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NASA Space Science

NASA's Ion Thruster Sets Continuous Operation Record 165

Posted by Soulskill
from the burnin-out-its-fuse-up-there-alone dept.
cylonlover writes "NASA's Evolutionary Xenon Thruster (NEXT) ion engine has set a new world record by clocking 43,000 hours of continuous operation at NASA's Glenn Research Center's Electric Propulsion Laboratory. The seven-kilowatt thruster is intended to propel future NASA deep space probes on missions where chemical rockets aren't a practical option. The NEXT is one of NASA's latest generation of engines. With a power output of seven kilowatts, it's over twice as powerful as the ones used aboard the unmanned Dawn space probe, yet it is simpler in design, lighter and more efficient, and is also designed for very high endurance. Its current record of 43,000 hours is the equivalent of nearly five years of continuous operation while consuming only 770 kg (1697.5 lbs) of xenon propellant. The NEXT engine (PDF) would provide 30 million newton-seconds of total impulse to a spacecraft. What this means in simple terms is that the NEXT engine can make a spacecraft go (eventually) very far and very fast."
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NASA's Ion Thruster Sets Continuous Operation Record

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  • by MyLongNickName (822545) on Friday December 28, 2012 @10:16AM (#42410647) Journal

    Just realized how careless I was. My calcs assume acceleration from propulsion only. Voyager 1 took up much less fuel but is going at a pretty good clip due to gravitational assists. So the comparison is not apples-to-apples. Voyager 1 has used about 80 kg of mass to get to its current speed, but a good part of that was due to energy from being placed in orbit and from a slingshot around Jupiter.

  • Re:Ion thrusters (Score:4, Informative)

    by flyingfsck (986395) on Friday December 28, 2012 @10:17AM (#42410653)
    Ion thrusters are in wide use on satellites for many years already. This is merely an improved version.
  • Re:Ion thrusters (Score:5, Informative)

    by Lincolnshire Poacher (1205798) on Friday December 28, 2012 @10:22AM (#42410677)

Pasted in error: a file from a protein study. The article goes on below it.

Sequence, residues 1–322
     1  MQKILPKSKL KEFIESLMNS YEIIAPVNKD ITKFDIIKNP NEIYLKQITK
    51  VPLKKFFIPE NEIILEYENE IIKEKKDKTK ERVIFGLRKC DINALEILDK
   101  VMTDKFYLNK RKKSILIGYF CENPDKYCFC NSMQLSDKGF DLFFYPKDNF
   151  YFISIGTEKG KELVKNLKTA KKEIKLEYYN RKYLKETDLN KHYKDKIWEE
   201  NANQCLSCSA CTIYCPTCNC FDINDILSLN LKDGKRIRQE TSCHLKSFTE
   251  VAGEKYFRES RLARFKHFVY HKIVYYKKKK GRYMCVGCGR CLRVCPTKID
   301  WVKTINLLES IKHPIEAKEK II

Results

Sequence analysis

The simple concept that we now have "Ion Thrusters" is extremely cool to me.

    OK, brace yourself for techno-orgasm.

    The first recorded successful firing of ion thrusters in space was onboard the Soviet Zond 2 probe. 8th December 1965.

    Yes, fifty years ago.

    That particular installation was experimental, but ion engines were widely used in subsequent Soviet probes. Mainly developed at the Kurchatov Institute.
     

  • by Anonymous Coward on Friday December 28, 2012 @10:33AM (#42410723)

    lots and lots and lots. just expensive to separate as it is widely distributed.
    Xenon is a trace gas in Earth's atmosphere, occurring at 87±1 parts per billion (nL/L)

    (wikipedia is fun)

    being heavy it doesn't escape the atmosphere.
    It is very dense as a liquid, stores compactly, and can used as a heatsink for the engine.

    for fun:
    770kg of xenon is 130641 L at STP
    it is 252 L at xenon boiling point (as liquid)
    it is also ~2% of total xenon production (in 1998)

  • by necro81 (917438) on Friday December 28, 2012 @10:46AM (#42410791) Journal
    Unlike helium, which is so tenuous it escapes the atmosphere, xenon is a relatively heavy gas that sticks around. It's not particularly abundant (less than 100 parts per billion in the atmosphere) but it can be pretty easily separated out. According to wikipedia's references, annual xenon production is 5000-7000 m^3 [wikipedia.org] (at STP), or about 35,000 kg. (This reference [bgcspecgas.com] estimates 9000 m^3/yr, or 53,000 kg.) So 770 kg used in one multi-year experiment isn't such a big deal. When it is used in various applications, it tends to return to the atmosphere, from whence it can be separated again.